“We each were very hands-on with this opening,” she said, with each bartender submitting three to five recipes for consideration for the opening day menu. Over a period of two months, weekly meetings — they called them “cocktail jams” — helped to tweak the recipes. They mixed the cocktails, passed them around — and then the drinks either made the final cut, or they didn’t.
After “those first sessions, we knew we had a good thing going,” Mr. Catalina said.
Eventually, the feature list was chiseled down to about 15 original drinks, to be lumped into three categories that play on the banking theme: Bulls and Bears (stronger cocktails), Recovery Measures (lighter cocktails), and Luxury cocktails (which will be sweeter). There also will be a “banker’s list” of about 30 classics — Negroni, Corpse Reviver, the Last Word, and so on.
While Mr. Catalina expects Tender will be best known for its cocktails — hopefully, on the same level as some of the bars that inspired him, such as Anvil Bar & Refuge in Houston and the Velvet Tango Room in Cleveland — the sales mix will be about 50-50, between food and drinks. (His other restaurant, Verde, does a 60-40 split, weighted toward food.)
They’ll have to move a lot of food, he said, because with quality cocktails, “the margins are much lower.” A typical bar might set its cocktail cost-to-price ratio at 11 or 12 percent — in other words, a cocktail selling for $4 costs about 50 cents to make. But that’s generally not possible with craft cocktails. “Sorry, we don’t serve Jack and Coke here,” he joked.
Tender’s classic, old-money theme will carry off the menu pages and into the bar itself. “We’re really going for that ‘Great Gastby’ feel,” Mr. Catalina said. Servers will be wearing black dresses and strings of pearls; patrons will sit in tufted chairs; the bar top is made of marble from the bank’s walls.
“You’re going to walk into that space and you’ll say, ‘This is cool. I want to be here,’ ” he said. “At least, that’s the goal. [But] we have to earn it.”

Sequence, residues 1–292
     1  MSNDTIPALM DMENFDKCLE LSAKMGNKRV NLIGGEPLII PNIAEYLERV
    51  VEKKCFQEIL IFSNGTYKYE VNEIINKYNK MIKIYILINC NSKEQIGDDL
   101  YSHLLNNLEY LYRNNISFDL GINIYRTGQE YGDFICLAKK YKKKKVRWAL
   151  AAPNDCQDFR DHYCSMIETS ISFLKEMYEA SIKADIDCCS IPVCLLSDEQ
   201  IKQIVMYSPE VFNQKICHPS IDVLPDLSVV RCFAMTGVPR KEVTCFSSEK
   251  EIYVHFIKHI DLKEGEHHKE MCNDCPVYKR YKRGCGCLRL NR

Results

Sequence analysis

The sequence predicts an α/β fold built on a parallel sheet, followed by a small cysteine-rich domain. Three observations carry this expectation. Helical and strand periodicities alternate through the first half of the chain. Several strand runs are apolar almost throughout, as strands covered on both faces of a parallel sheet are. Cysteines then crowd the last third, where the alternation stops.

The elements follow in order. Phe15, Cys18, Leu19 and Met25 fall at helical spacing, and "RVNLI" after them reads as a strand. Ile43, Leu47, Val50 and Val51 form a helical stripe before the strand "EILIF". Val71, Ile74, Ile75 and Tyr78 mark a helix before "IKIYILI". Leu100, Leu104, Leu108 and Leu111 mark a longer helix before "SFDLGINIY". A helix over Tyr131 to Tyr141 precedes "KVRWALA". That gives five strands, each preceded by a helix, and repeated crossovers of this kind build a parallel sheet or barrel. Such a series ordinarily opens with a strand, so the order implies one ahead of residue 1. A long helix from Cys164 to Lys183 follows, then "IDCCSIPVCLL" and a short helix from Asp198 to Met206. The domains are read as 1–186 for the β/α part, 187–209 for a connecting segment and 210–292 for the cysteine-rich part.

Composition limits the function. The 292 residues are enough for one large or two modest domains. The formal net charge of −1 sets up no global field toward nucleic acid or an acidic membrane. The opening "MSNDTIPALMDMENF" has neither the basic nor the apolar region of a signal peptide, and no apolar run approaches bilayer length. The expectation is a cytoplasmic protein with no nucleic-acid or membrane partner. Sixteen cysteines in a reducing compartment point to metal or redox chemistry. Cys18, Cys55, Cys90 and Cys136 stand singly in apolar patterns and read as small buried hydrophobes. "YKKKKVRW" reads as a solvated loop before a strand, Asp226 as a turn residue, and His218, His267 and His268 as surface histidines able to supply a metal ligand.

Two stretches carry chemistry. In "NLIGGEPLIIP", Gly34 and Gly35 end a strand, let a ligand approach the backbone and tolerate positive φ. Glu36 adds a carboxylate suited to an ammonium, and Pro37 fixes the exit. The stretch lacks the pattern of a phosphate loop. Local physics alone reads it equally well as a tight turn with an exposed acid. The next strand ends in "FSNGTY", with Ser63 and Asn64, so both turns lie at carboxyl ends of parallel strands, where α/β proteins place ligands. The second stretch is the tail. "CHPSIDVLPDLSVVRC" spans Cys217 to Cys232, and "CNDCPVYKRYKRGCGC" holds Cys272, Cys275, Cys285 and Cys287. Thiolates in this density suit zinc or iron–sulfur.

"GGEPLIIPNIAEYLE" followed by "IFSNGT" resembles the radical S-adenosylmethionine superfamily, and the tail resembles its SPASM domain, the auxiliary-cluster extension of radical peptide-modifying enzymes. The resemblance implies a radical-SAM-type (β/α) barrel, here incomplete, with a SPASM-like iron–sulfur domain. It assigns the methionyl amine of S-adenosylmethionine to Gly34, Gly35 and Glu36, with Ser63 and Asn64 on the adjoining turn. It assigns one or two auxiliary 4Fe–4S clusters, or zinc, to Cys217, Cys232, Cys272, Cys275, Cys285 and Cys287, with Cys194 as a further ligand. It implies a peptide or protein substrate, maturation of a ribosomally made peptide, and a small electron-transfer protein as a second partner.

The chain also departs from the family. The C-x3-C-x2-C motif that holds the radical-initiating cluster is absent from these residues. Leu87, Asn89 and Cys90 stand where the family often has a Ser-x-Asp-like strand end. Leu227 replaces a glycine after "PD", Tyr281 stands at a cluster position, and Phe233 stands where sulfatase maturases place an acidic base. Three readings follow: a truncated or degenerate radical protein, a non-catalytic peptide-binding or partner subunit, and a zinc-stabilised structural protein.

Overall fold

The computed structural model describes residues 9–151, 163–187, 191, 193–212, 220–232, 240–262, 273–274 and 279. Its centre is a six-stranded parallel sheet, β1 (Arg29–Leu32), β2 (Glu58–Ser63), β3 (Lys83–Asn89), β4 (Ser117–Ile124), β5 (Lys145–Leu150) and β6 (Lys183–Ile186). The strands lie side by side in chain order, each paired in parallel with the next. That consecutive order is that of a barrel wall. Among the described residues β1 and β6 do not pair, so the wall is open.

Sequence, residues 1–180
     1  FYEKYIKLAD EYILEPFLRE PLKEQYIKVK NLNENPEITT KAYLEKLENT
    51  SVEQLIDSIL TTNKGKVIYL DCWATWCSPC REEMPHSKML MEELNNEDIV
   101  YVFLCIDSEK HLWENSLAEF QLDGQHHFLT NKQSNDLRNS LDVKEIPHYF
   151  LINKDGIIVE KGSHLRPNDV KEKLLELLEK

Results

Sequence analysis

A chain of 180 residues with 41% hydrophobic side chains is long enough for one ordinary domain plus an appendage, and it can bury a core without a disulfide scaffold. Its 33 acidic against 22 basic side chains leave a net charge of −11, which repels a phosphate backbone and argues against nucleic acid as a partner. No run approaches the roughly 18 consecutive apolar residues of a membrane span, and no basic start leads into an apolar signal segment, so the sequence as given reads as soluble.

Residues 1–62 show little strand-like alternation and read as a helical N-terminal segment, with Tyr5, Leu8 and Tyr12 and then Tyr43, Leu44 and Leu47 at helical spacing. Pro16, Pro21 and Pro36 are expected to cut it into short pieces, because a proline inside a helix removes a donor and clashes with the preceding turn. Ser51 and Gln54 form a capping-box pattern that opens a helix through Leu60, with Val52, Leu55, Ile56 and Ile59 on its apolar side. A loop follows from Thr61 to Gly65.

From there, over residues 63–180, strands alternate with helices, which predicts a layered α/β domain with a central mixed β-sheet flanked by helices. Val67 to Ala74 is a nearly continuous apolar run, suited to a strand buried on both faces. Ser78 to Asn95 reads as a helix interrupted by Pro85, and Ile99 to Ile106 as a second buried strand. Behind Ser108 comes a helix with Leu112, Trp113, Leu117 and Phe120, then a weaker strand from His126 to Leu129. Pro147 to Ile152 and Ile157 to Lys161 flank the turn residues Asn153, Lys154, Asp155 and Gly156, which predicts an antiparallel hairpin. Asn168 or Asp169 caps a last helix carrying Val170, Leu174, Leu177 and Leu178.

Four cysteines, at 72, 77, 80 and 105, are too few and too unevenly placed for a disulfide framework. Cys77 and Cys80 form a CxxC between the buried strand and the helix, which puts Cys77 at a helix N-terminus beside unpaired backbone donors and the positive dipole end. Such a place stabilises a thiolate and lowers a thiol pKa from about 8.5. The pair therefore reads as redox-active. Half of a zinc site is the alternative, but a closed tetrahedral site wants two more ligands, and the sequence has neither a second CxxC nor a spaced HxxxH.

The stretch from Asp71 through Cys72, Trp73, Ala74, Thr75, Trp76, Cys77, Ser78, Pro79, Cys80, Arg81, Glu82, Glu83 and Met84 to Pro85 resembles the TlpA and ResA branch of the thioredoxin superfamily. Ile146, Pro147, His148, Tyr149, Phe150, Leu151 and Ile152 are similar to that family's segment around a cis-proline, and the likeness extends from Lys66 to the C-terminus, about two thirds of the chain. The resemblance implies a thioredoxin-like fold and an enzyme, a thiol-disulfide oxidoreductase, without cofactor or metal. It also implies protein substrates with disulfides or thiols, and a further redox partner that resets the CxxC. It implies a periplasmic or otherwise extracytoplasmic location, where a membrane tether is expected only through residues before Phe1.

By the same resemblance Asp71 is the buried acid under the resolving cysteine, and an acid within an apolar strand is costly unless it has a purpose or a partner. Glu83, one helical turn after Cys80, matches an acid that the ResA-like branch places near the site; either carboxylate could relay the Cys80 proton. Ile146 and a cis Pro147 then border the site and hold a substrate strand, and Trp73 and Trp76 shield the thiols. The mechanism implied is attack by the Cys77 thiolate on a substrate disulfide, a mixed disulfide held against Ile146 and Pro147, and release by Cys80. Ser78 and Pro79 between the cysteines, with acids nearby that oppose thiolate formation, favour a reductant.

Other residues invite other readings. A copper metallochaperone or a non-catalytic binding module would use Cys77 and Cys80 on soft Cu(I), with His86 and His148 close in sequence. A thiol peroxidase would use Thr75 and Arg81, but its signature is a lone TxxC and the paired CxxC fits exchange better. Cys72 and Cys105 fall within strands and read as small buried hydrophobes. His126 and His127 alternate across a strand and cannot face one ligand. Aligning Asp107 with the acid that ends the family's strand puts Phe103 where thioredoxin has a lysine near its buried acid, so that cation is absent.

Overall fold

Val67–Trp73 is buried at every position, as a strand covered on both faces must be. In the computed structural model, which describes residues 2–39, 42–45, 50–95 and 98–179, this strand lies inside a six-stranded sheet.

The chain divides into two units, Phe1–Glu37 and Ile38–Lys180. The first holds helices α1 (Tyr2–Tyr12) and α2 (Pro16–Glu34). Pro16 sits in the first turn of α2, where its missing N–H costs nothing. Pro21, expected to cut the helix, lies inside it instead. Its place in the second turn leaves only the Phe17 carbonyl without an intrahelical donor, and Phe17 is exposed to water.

Wigle Whiskey, the Strip District-based rye and wheat whiskey (and gin) distiller, is releasing its second batch of aged rye this Saturday, March 2. No reservations, no dibs, no online pre-orders — it’s first come, first served.
Just show up at the 2401 Smallman St. distillery before the 9 a.m. opening and try to snag a good spot in line. Only a few hundred bottles are available, so if this release resembles the first one, the aged rye will sell out by noon, if not earlier.
The marketers behind the Philadelphia-based “Art in the Age of Mechanical Reproduction” spirits line — it now includes the historically and botanically inspired Root, Sage, Rhubarb Tea and Snap — have come up with (or revived, I suppose) a wine-based Depression-era hooch called Spodee. The fortified, chocolaty concoction somewhat resembles a port, and probably would fall in the dessert wine category but for its packaging, which is intentionally down-market, meant to resemble milk bottles.
Best anyone can tell, the original “recipe” involved pouring whatever port or wine you had on hand into a bucket, then spiking the wine mixture with fruit and cheap whiskey.
Visit spodeewine.com for more information. And just for the heck of it, Google “Drinkin’ Wine Spo-Dee-O-Dee” by Stick McGhee. It is, by some accounts, the first rock-and-roll song ever, and was the first big hit for the legendary Atlantic Records label.
Pittsburgh Post Gazette, 2.28.13